The Michigan Womyn’s Music Festival (MWMF, the Michigan, or Michfest) is produced by and for women to celebrate womyn’s music every August on privately owned land in Hart, Michigan. One of the largest women’s music festivals in the world, the weeklong festival features music, comedy, poetry recitals, workshops, art vendors, parades, film festivals, athletic events, parties, dances, and other entertainment.
Thousands of attendees camp out, eat three meals a day, and work shifts to help sustain the festival. Although some Straight and Bisexual womyn attend Michigan, the majority of festiegoers (MWMF participants), performers, and organizers are Lesbian. The event promotes physical and emotional safety, sexual freedom, spiritual regeneration, creativity, and connections between womyn, and it has become an important tradition in Lesbian folklife.
In 1976, Lisa and Kristie Vogel along with Mary Kindig forged the We Want the Music collective and launched Michfest. They wanted to bring women’s music and the solidarity that transpired at these events to Michigan where they would build a festival based on collective decisions. The collective used feminist values to guide the production of their festival. For example, they used the words womyn and womon, without “men” and “man” in them, in Michfest folk speech. In the MWMF ethos, these words signify feminist revisions of women’s identity and a community free of patriarchal attitudes and behaviors.
The first festival convened in Mt. Pleasant, Michigan with two thousand attendees, twice the amount expected. From 1977 to 1981, the festival occurred in Hesperia. Improvements included a medical center called the Womb, political tents to discuss controversies, and childcare camps. In 1982, the collective purchased 650 acres of land in Hart to build a permanent home.
Building a Community
Every year, staff members construct the Michfest city on the Hart property. Michfest officials strive to create egalitarian hierarchies without oppressive power. Volunteer and paid staff members work before and after the festival, building and breaking down stages, pathways, parking lots, stores, showers, and gates. Some of the sites include Central Heating (the main office), kitchen, childcare and community center tents, and the aforementioned Womb. Festiegoers must volunteer to work shifts during the festival. Individuals might sell snacks at the Cuntree Store or clothes at Festie Wear, cook in the kitchen, or transport womyn in the Cross-Town Tractor. Performers are not required to work, but many do. Sometimes men fulfill jobs, like delivering PortaJanes (outhouses, from “Portajohn”), but they are not considered members of the community.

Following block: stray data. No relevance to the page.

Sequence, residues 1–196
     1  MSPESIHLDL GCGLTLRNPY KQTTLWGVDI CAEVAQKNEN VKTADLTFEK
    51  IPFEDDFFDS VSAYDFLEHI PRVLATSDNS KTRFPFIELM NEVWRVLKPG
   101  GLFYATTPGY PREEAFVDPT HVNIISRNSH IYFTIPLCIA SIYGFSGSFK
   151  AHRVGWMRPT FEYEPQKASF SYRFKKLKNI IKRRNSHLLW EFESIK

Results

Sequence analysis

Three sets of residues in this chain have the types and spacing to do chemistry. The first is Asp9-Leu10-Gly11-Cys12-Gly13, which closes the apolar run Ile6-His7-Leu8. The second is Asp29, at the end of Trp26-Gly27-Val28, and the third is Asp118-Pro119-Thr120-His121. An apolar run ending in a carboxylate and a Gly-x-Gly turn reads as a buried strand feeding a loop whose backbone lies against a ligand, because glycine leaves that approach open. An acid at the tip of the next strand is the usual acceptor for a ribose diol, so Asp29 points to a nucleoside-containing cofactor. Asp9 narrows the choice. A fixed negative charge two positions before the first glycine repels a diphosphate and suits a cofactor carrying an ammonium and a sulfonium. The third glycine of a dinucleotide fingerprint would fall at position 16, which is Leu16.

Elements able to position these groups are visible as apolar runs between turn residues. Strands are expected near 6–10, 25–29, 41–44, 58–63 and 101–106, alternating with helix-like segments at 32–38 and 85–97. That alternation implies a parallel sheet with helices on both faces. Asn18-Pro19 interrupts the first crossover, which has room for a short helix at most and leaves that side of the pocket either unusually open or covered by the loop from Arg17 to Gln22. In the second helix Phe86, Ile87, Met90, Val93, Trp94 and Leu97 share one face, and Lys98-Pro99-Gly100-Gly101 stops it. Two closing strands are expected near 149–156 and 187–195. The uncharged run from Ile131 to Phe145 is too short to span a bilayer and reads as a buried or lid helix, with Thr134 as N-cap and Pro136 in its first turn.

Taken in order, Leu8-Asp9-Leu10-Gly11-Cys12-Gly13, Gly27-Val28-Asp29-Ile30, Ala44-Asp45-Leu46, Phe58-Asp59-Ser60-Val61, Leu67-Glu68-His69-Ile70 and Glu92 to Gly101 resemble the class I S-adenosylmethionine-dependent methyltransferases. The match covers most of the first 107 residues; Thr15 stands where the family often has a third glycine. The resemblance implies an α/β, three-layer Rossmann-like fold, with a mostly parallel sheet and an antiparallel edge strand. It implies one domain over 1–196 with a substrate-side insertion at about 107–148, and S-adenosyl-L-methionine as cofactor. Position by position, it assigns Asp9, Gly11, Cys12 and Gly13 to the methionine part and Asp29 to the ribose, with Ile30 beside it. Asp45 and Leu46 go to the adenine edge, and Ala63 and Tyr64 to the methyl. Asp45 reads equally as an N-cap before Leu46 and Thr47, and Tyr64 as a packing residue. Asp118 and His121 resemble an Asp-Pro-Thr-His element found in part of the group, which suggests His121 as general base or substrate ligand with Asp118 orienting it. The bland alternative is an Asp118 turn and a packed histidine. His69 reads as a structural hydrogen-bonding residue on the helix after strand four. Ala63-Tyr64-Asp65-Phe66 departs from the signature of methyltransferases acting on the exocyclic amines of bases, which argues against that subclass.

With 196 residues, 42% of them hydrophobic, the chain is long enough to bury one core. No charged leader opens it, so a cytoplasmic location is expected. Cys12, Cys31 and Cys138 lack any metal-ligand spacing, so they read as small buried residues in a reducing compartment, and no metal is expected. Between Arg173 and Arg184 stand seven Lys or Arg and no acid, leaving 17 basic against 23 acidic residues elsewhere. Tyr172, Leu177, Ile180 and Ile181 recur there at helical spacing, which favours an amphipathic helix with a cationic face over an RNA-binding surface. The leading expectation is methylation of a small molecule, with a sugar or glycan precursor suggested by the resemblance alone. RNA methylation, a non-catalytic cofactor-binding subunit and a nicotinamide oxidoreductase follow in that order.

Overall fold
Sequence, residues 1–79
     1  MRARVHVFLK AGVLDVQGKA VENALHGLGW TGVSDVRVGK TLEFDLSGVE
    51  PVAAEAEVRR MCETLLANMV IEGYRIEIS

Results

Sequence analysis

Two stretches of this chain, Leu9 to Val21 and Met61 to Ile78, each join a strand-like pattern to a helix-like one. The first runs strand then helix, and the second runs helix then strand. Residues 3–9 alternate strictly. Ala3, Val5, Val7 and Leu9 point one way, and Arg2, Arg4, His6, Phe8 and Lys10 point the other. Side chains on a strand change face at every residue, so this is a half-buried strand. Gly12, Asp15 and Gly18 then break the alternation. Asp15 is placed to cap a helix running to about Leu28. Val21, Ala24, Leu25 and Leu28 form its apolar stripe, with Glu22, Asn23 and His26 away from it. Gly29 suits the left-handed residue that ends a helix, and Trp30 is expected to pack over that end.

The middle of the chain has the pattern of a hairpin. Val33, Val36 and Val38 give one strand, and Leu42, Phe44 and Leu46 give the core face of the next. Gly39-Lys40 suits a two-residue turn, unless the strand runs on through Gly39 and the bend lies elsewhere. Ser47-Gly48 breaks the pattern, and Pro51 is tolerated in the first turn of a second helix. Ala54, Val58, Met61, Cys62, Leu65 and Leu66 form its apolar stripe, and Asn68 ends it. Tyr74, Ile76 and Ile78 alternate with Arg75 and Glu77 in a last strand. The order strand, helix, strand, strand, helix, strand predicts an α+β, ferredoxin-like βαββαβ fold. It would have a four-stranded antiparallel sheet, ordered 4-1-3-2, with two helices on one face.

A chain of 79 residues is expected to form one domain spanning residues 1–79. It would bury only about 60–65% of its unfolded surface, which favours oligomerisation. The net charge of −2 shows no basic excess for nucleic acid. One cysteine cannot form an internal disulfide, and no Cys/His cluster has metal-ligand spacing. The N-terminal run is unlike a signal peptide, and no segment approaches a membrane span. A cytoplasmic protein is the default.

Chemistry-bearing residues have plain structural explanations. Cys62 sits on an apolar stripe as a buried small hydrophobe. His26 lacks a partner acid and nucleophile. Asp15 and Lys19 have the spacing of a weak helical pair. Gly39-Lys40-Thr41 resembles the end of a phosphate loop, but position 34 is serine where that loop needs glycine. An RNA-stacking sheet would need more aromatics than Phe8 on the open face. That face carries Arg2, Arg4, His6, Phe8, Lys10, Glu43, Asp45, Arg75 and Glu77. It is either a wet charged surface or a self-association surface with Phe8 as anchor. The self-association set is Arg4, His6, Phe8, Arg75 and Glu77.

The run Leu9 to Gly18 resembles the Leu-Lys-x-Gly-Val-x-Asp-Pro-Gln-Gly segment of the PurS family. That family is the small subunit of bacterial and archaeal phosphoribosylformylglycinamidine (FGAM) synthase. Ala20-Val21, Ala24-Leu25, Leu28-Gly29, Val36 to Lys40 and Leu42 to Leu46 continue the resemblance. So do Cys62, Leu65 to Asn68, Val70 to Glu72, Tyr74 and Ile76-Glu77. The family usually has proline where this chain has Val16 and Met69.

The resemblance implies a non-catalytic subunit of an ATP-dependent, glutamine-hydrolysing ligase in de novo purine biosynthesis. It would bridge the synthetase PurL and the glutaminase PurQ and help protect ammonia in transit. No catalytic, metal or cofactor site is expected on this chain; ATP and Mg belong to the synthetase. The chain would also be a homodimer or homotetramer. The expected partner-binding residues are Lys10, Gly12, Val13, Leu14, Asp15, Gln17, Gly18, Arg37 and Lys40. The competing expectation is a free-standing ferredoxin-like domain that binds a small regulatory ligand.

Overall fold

Efforts to ensure a festival with minimal problems include separate camping areas with specific policies, such as the chem-free (no recreational drugs) Bread & Roses campground and Amazon Acres for quiet camping. Ecofeminist ethics inform Michigan policies, holding that exploitation of nature and animals intersects with patriarchal oppression. Michigan food services offer exclusively vegetarian meals. The Land (often spelled with a capital L to denote its sacredness) is treated with respect. Littering is prohibited, recycling is mandatory, and there are no-camping conservation areas. After the festival ends, no above-ground architecture is left behind that could interfere with wildlife.
Upon entering the Land, one is immediately met with “Welcome Home” signs and greetings, festie-virgins are directed to Orientation, and others are reunited with their Michfest families. In the mid-1980s, Michfest began offering intensive workshops on topics such as racism, disability, music production, and drumming to strengthen community ideals and bonds. Separate communal areas for different groups create networks: Over 40s and Jewish Womyn tents, and Over 50s and DART (Disabled Access Resource Team) camping. African, European, and Native American traditions based on nature and Goddess worship infuse Michigan. Opening and closing ceremonies establish a sacred bond between festiegoers. Ceremonies involve blessings over the Land and singing the traditional Michfest anthem: Maxine Feldman’s “Amazon Women Rise.”
Standard Michigan activities cultivate physical and emotional intimacy among festiegoers as they share meals, sing and dance together, work collectively, live naked on the Land should they choose, bathe in open-air showers, and find long- or short-term relationships. Although Michigan lasts only a week, many womyn maintain the bonds they forge all year. In 2000, the festival’s website created a bulletin to reinforce the sense of community while away from the Land.